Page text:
Hmm… if you stop to isolate a riff like that, it seems odd, but in the moment, in the flow of Williamson’s speech, her larger concerns become more clear. Her target is anger and the corrosive effect such anger has had on politics and on American society at large. If politics are driven by anger (this is the plane), the candidate (this would be the person with the passport) won’t make much of a difference. We’ll still be an angry country. So, the challenge she sees is to recognize why people are angry but then to find some other motivating force that can animate politics. In the end, she was looking to motivate, and she was the first candidate I’ve seen to end her stump speech with a call for Americans to “get all lit up.”
The day went on. More local candidates spoke. There was a moving presentation about a local county chair who was fighting both cancer and her own health insurer. I may have gone for seconds in the buffet line.
Then Tom Steyer came into the room. He is a former hedge fund manager and current philanthropist who was a late entry into the race. He’s a recognizable face from advertisements calling for action on climate change and then for the impeachment of Donald Trump. Because he is a billionaire and self-funding much of his campaign, I’m pretty sure he could buy every building in Elkader if he wanted.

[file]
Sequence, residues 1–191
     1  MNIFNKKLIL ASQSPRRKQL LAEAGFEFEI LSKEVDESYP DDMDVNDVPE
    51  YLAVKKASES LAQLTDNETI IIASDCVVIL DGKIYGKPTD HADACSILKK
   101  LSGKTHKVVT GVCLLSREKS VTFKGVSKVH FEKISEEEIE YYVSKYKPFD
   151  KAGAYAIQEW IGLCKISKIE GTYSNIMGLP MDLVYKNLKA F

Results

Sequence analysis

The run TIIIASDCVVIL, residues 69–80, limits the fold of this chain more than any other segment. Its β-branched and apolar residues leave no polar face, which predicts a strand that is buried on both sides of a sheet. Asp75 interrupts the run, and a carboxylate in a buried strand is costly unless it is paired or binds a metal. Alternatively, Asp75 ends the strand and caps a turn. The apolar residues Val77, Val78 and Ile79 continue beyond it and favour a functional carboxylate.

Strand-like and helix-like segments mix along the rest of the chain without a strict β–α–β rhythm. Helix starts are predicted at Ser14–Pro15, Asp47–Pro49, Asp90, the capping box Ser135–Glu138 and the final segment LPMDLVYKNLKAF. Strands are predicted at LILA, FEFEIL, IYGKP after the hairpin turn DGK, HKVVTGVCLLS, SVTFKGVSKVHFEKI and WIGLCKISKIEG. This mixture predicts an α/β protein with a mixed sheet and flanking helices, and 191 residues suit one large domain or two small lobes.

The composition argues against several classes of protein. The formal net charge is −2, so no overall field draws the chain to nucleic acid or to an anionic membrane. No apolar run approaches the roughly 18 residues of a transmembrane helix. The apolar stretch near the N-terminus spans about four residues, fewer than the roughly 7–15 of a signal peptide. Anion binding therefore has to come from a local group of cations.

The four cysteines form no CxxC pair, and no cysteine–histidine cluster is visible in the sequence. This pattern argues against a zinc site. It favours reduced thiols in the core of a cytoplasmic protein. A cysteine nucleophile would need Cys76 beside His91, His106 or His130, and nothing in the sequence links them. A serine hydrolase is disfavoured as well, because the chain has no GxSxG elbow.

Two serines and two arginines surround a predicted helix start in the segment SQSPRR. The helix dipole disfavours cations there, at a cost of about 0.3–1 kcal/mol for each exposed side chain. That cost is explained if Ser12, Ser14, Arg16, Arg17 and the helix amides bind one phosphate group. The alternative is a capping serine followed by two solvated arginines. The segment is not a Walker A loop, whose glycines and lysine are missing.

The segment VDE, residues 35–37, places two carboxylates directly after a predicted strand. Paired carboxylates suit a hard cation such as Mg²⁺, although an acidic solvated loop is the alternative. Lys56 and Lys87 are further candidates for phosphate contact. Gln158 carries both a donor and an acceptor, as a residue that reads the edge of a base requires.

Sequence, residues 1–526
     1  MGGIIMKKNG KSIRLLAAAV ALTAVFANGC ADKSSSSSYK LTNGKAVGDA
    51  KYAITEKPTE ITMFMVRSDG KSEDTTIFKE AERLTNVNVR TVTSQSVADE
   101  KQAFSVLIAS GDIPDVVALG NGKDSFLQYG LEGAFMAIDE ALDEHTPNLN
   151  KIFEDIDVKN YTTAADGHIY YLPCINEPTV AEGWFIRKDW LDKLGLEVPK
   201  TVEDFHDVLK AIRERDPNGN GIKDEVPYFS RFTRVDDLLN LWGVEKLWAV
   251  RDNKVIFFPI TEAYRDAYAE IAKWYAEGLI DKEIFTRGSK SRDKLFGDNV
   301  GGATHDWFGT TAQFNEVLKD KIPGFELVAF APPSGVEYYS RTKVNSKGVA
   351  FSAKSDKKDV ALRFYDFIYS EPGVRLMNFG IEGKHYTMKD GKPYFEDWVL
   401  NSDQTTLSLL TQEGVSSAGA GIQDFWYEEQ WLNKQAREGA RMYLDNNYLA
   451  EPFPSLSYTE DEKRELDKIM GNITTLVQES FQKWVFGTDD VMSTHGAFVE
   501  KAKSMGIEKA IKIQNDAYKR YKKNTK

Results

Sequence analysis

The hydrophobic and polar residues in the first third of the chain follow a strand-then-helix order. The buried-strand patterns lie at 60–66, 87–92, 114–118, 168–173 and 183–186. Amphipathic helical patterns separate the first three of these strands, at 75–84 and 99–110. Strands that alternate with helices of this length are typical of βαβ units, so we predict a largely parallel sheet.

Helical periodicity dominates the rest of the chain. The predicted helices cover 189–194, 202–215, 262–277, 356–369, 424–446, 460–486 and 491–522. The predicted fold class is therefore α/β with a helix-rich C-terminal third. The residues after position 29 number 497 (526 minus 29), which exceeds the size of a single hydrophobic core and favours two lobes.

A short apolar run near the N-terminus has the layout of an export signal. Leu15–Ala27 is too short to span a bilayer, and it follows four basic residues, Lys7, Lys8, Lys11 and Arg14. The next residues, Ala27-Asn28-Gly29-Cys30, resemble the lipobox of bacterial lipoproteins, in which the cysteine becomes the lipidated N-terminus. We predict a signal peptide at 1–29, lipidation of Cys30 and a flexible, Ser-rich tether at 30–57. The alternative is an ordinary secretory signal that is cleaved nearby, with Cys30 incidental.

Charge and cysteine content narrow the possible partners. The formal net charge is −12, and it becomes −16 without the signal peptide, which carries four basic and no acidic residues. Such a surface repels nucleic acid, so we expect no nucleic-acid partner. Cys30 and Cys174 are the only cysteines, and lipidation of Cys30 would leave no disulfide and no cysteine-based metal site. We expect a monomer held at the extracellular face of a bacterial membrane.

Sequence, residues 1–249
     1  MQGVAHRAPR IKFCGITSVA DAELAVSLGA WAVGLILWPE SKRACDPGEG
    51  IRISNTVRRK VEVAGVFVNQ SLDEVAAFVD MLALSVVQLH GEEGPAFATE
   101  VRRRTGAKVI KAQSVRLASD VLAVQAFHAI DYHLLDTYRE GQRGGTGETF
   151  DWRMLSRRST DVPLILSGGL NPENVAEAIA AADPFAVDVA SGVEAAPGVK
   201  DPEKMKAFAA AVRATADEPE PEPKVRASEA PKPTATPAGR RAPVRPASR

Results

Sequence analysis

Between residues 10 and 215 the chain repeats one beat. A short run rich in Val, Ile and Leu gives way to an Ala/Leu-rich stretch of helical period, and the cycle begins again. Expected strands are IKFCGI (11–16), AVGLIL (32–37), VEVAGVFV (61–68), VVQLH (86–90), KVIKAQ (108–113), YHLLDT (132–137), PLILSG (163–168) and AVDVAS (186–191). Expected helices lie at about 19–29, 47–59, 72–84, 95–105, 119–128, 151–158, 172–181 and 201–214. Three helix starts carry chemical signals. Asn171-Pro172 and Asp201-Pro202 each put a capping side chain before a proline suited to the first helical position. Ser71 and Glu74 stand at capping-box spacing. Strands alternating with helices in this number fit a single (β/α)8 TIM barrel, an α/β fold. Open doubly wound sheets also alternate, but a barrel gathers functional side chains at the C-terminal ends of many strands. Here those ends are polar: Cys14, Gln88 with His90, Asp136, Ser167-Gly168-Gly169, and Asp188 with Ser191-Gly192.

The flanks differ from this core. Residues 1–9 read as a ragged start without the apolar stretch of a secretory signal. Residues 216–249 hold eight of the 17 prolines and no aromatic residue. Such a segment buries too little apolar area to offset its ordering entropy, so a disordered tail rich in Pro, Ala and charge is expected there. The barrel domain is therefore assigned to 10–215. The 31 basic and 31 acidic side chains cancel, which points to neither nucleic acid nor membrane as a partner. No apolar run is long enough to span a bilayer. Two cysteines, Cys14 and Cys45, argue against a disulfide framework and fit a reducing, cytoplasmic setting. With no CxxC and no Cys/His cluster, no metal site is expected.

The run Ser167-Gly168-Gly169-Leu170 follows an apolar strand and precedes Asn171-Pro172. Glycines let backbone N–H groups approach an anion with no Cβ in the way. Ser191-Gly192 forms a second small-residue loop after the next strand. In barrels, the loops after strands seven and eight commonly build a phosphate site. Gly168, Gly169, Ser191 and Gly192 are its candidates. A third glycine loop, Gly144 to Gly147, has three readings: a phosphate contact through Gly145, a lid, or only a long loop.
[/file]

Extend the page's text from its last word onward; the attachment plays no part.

Again, because there was no backstage at this event, Steyer ended up hanging out in the rear of the hall when other candidates were speaking and during breaks. I saw my moment and went up to talk to him. Somehow the conversation turned to our shared love of kayaking, and he talked about a yearly kayaking trip he goes on. I told him about the excellent river & lake kayak loop in Cedar Falls and Waterloo. He was totally engaging and friendly, down to Earth without working too hard at it. After getting a picture with him, I picked his pocket and came away with a cool 3.5 million.
But Steyer had to wait for a while to take the stage. Hawaii Rep. Tulsi Gabbard, whom I saw over the summer, also spoke, though I only caught the end of her remarks. A surrogate for Bernie Sanders, California Rep. Ro Khanna gave a barnburner of a speech supporting Sanders and defending Medicare For All. I wouldn’t be surprised to see him back in Iowa running his own Presidential campaign in the future.